But is this a surprise? The idea that the solution is a one-size-fits-all framework for all digital health technologies feels almost impossible. Should the focus instead be on developing multiple adaptable frameworks, with a broad array of value domains that satisfy all stakeholders, to accommodate the broad diversity of technologies encompassed under the term ‘digital health’? Or should frameworks mirror the path trodden previously for pharmaceutical HTA appraisals, accepting that it may not be possible to satisfy all stakeholders initially and instead focus on payers, for example, before weaving in other voices in future iterations? This is before we even dwell on whether HTA assessments are appropriate for DHTs. For example, local tendering processes might suffice for some applications, bypassing the need for a stringent HTA. This doesn’t mean that effective value assessment frameworks are not required, but we do need to consider how they’ll be used, and in what setting; to echo an earlier message, “you have to start somewhere.”

Perhaps the DiGA pathway highlights a route forward for others; rather than developing the perfect value assessment framework, that somehow addresses all value domains perfectly for all stakeholders for the myriad of DHTs developed, instead implement a sensible, flexible pathway that can be updated following feedback in due course. At least this way, effective technologies can make it to patients, and feedback from across the pathway can shape future iterations.

Finally, the challenges do not end with the development of an effective value assessment framework. Sessions brought to light the misconception that market access equates to sales. For example, it was highlighted how DHTs that negotiated the DiGA pathway were prescribable, but often not prescribed. Effective market access strategies must still incorporate a robust local presence and comprehensive medical education programmes to convert approvals into clinical usage, ultimately benefiting patients, developers, and healthcare systems alike.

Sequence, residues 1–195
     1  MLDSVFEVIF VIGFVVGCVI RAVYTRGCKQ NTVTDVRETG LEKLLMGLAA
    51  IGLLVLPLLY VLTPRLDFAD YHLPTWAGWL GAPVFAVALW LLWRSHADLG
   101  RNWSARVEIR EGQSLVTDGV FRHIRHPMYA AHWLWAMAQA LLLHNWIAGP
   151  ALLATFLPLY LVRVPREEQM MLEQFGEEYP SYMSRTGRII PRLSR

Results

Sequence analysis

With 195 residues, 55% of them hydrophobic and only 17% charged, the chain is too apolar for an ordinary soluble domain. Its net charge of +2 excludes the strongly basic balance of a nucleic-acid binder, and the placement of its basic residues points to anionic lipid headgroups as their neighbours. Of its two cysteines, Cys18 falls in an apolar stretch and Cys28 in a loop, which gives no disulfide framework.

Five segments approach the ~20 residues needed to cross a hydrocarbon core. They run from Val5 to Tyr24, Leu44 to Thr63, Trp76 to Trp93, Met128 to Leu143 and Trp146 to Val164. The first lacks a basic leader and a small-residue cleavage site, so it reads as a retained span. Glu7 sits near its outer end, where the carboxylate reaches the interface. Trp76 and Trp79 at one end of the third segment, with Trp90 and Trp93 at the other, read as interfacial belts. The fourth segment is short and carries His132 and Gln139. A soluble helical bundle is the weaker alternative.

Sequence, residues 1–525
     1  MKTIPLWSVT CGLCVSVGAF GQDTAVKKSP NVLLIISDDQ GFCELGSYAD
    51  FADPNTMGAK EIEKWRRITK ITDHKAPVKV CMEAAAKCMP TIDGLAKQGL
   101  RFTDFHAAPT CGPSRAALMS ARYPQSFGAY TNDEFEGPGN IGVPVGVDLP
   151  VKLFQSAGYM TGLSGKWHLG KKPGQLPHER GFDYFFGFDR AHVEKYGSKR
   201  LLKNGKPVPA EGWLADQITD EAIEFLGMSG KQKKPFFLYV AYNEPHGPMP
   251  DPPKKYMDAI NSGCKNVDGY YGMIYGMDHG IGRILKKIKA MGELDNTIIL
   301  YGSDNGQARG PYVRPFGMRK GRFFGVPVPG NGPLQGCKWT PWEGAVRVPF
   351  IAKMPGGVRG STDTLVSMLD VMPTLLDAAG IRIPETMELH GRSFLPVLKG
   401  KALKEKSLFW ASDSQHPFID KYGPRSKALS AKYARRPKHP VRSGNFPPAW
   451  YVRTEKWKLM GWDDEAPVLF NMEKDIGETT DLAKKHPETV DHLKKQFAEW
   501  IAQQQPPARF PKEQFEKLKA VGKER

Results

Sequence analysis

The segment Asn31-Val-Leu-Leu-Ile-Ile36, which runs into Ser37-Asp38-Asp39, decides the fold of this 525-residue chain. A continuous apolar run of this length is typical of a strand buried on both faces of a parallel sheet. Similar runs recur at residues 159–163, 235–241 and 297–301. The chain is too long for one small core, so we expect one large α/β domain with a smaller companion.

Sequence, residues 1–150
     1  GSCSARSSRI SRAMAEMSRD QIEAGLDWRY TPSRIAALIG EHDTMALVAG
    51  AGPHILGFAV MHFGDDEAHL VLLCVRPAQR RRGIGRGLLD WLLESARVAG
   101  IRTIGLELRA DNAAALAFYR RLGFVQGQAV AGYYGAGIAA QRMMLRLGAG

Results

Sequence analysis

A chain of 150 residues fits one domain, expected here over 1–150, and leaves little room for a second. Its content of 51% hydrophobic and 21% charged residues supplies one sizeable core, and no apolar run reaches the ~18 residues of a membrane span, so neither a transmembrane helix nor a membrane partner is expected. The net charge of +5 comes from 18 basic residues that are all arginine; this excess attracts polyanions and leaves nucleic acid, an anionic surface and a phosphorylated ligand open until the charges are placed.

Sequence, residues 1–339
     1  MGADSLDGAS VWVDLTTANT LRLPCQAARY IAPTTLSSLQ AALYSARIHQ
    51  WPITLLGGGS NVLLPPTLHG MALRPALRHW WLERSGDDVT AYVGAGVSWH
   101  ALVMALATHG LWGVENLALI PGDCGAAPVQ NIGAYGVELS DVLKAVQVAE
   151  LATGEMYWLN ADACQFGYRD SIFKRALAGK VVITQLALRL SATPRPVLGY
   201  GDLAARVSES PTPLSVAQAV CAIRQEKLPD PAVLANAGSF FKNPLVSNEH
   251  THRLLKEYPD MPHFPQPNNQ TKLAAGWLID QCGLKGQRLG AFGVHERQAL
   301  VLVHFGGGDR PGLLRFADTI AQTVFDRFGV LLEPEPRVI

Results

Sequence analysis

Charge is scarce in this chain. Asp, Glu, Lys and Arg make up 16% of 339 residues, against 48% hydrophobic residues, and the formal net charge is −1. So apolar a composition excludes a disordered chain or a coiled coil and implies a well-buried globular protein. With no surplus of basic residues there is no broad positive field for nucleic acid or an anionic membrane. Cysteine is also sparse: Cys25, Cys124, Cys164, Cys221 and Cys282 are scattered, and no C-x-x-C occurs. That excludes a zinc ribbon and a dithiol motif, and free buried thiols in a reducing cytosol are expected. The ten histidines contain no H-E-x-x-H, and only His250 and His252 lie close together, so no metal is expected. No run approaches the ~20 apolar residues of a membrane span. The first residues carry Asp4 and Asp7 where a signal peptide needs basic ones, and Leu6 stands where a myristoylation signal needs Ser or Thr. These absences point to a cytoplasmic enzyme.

1. ISPOR Forum 219. Health Preference Research and Value Assessment Frameworks in Digital Health Interventions. ISPOR Europe Congress, Copenhagen, Denmark, 2023.
  2. Federal Institute for Drugs and Medical Devices (BfArM). The Fast-Track Process for Digital Health Applications (DiGA) according to Section 139e SGB V: A Guide for Manafacturers, Service Providers and Users. 2020.
  3. National Institute for Health and Care Excellence. Early Value Assessment (EVA) for medtech. Available here. Last accessed: 23 November 2023.

If you would like any further information on the themes presented above, please do not hesitate to contact Ben McNally, Consultant (LinkedIn) or Alex Pashley, Consultant (LinkedIn). Ben McNally and Alex Pashley are employees at Costello Medical. The views/opinions expressed are their own and do not necessarily reflect those of Costello Medical’s clients/affiliated partners.